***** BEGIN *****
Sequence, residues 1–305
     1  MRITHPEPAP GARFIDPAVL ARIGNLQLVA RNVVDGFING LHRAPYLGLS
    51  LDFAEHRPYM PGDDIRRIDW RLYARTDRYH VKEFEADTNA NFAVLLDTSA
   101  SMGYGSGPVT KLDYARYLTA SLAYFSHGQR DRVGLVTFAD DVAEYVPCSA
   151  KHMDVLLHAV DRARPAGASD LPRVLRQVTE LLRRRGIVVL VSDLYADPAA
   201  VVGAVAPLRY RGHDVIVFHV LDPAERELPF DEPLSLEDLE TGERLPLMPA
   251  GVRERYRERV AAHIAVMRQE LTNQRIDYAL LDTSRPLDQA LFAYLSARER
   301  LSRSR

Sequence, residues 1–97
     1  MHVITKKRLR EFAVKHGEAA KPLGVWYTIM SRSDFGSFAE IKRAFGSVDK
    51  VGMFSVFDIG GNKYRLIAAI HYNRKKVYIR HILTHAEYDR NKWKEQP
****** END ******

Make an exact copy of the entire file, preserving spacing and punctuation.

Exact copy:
Sequence, residues 1–305
     1  MRITHPEPAP GARFIDPAVL ARIGNLQLVA RNVVDGFING LHRAPYLGLS
    51  LDFAEHRPYM PGDDIRRIDW RLYARTDRYH VKEFEADTNA NFAVLLDTSA
   101  SMGYGSGPVT KLDYARYLTA SLAYFSHGQR DRVGLVTFAD DVAEYVPCSA
   151  KHMDVLLHAV DRARPAGASD LPRVLRQVTE LLRRRGIVVL VSDLYADPAA
   201  VVGAVAPLRY RGHDVIVFHV LDPAERELPF DEPLSLEDLE TGERLPLMPA
   251  GVRERYRERV AAHIAVMRQE LTNQRIDYAL LDTSRPLDQA LFAYLSARER
   301  LSRSR

Sequence, residues 1–97
     1  MHVITKKRLR EFAVKHGEAA KPLGVWYTIM SRSDFGSFAE IKRAFGSVDK
    51  VGMFSVFDIG GNKYRLIAAI HYNRKKVYIR HILTHAEYDR NKWKEQP